I Wasn’t Ready To Tell My Story

I told my story. Well actually, I told the parts of my story that were causing me immense pain. I did not want to tell it. What I experienced was too traumatizing and I had been working on healing for years. I had been working my way up to be able to tell my story to myself, for myself.  Unfortunately, patriarchy reared its ugly head and forced me to use my story to defend myself. It was the first time I recounted my traumatic experience out loud to a member of the community. I trusted this particular person and he unintentionally hurt me. Like he said, “intention is different than impact” and although I like this individual, his actions really fucked with my healing process and it needed to be acknowledged.

I don’t know how I am feeling. I used my story to stand up for myself but I am disappointed that I had to use it to convince a man that what I was feeling was valid. Ugh. Even that last sentence made me nauseous. While I was sharing my story, I cried and I almost threw up. I couldn’t control my tears. I was having bodily reactions and these physical symptoms were brought about by the following :

  • I wasn’t ready tell my story.
  • I wasted my story on another person when I had been saving it for myself.
  • I had to explain my trauma to someone so he could understand how he hurt me and so he could understand the long-term damage his actions has caused.
  • Recounting my story brought out traumatic memories and emotions that I did not want to feel again.
  • I forced myself to be vulnerable at the expense of my mental health, all so that I could make someone understand how they hurt me!

At the end of the conversation, I felt so much! I felt anger, grief, shock, anxiety, and nausea. Oddly enough, while I had all of these feeling, I also felt power. I don’t know how that feeling came to me considering the torture I went through during the conversation and before the conversation. I will need to sit with myself to figure out why power was something that lingered.

Can you believe that I had a dream the night before about how the conversation would play out? Not only did I have a dream, but I also woke up very early  to write my main points so that I wouldn’t forget everything I wanted to say. I even rehearsed it in my head over and over again!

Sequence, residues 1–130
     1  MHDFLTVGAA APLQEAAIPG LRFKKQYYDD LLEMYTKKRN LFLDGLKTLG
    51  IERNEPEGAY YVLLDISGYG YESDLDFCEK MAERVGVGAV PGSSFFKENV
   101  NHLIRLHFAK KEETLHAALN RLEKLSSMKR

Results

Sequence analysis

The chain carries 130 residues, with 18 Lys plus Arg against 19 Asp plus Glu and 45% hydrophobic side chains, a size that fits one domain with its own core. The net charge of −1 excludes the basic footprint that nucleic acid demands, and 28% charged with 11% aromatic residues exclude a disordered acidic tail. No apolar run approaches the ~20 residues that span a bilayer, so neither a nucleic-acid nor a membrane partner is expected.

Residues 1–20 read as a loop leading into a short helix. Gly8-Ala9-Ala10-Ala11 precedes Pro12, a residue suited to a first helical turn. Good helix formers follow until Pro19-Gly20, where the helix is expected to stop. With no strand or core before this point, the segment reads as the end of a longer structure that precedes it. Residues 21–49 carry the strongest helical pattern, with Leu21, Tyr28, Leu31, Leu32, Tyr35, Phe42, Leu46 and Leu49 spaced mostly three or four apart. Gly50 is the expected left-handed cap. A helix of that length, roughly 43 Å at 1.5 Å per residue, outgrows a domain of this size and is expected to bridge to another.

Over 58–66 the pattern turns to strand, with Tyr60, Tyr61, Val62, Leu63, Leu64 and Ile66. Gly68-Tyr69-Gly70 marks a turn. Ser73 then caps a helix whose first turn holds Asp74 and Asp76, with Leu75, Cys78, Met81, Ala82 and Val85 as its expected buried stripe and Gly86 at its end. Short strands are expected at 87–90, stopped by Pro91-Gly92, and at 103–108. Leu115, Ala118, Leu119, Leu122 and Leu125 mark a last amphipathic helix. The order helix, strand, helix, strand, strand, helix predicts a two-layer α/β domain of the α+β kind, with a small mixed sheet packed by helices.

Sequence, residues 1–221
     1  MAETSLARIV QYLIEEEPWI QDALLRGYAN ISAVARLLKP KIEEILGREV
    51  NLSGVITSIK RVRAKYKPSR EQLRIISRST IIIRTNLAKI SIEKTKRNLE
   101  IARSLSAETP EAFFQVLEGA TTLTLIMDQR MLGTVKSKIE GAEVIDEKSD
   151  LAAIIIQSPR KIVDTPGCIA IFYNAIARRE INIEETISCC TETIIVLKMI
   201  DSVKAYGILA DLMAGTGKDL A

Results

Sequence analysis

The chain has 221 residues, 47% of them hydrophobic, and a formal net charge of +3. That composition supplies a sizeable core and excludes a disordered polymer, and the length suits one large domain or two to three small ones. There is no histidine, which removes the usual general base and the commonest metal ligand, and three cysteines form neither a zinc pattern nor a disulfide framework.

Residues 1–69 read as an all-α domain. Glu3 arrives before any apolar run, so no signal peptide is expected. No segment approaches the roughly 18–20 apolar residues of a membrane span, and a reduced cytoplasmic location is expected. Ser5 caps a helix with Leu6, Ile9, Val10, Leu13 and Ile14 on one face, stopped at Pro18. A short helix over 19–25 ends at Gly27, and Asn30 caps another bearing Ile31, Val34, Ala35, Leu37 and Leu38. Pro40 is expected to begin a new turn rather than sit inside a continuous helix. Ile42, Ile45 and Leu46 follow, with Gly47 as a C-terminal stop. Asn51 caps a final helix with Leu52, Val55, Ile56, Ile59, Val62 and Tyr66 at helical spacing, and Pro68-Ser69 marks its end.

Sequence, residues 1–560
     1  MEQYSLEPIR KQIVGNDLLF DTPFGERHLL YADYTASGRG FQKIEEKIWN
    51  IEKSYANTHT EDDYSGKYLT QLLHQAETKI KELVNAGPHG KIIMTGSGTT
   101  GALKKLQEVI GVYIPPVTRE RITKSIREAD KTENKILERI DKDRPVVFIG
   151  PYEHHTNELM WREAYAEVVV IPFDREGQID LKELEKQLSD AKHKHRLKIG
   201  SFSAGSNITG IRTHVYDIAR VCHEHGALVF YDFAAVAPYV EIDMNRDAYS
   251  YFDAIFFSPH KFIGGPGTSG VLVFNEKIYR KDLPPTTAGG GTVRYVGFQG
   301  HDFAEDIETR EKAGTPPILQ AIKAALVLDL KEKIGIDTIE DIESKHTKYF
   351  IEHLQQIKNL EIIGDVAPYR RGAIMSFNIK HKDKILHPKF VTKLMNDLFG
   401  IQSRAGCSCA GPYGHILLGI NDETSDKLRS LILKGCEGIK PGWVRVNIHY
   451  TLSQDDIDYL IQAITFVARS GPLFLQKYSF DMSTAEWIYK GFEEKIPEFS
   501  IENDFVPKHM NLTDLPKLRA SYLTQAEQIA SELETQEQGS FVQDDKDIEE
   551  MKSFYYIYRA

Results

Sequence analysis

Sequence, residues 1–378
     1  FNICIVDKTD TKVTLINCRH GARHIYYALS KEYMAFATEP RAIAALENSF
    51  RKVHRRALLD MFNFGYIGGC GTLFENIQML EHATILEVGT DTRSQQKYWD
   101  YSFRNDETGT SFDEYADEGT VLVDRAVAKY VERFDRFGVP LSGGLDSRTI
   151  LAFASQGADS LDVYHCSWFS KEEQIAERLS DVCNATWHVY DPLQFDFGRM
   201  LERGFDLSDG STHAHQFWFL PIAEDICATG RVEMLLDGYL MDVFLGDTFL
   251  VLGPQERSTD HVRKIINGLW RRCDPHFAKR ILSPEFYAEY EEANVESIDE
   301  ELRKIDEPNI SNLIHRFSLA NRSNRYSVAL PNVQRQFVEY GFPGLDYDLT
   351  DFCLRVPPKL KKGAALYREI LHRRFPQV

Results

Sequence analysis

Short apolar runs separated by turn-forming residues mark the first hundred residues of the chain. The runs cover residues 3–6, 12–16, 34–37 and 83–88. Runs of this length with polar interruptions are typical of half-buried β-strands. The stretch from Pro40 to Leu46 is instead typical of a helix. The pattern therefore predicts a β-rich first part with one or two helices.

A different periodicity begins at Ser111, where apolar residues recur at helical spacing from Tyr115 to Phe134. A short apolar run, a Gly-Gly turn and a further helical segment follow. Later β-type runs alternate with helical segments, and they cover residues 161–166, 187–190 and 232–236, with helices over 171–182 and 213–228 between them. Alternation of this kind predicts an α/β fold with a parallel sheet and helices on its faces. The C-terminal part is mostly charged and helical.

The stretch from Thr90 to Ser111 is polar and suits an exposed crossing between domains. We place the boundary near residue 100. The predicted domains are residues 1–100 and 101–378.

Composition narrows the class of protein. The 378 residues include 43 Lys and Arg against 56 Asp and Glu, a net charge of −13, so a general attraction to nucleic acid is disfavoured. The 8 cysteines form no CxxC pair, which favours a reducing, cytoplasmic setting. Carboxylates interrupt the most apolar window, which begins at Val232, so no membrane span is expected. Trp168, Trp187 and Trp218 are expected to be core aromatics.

I don’t think it’s fair that I had to go through this. I prepared myself in all the ways I knew how so that I could create some type of safety net. I kept telling myself “I got me. I got me. I can do this.”

This is what patriarchy does and this is what oppression looks like. I sat to think about how womxn have to go the extra mile to be believed. I thought about the womxn who are too afraid to tell their story because there may be serious repercussions. I think about the womxn who were forced to tell their stories even though they were not ready. I think about victims of abuse. I think about all of the womxn in Stockton, California that have been silenced. I think about the womxn in Stockton, California that were robbed of their stories; their stories used to benefit other men and it makes me angry!

Then something odd happened. When the conversation was over and when the tears stopped spilling like waterfalls, I noticed that my chest felt lighter. It was really weird to me. My story was out in the universe now. My tongue carried it. My tears baptized my story. My chest catapulted all of my emotions out of my body while my heart stood there confused the entire time. It is still confused.

All of this happened this weekend and I have a lot to feel and think about. I don’t know how I will be feeling. All I know is that I got this. I got me.

Angelica

5 thoughts on “I Wasn’t Ready To Tell My Story

  1. Angelica, I’m sorry you were compelled to tell your story before you were ready. There are soulless ways the patriarchy acts that provoke us into telling our history. Our history that never should have existed and should not continue happening again and again. You were brave, you took a stand to inform and educate. But that raw feeling, that feeling of betrayal by a system that treats us like objects and shrinks away from our feelings is so uncomfortable. I’m glad you found your power and a bit of peace. –Rebecca

    Liked by 1 person

    1. Thank you Rebecca. It happens time and time again to many womxn and it’s tiring. I am a true believer that telling one’s story is powerful though. It’s hard especially when there is a lot of trauma involved but there are also beautiful parts of one’s life that are just as important to mention. The good think is that one can always choose healing and storytelling plays a large role in that. This is why I created this blog and I am grateful that you have taken the time to read my stories and poetry. I appreciate it!

      Liked by 1 person

      1. I hope that in telling our stories that we will reach a generation where we have paved the way so that they will not have the same experiences. Thanks for putting yourself and your words out here in the blogosphere! You did such a great acronym poem for the January poetry challenge. Which is your favorite form, would you say? Free verse?

        Liked by 1 person

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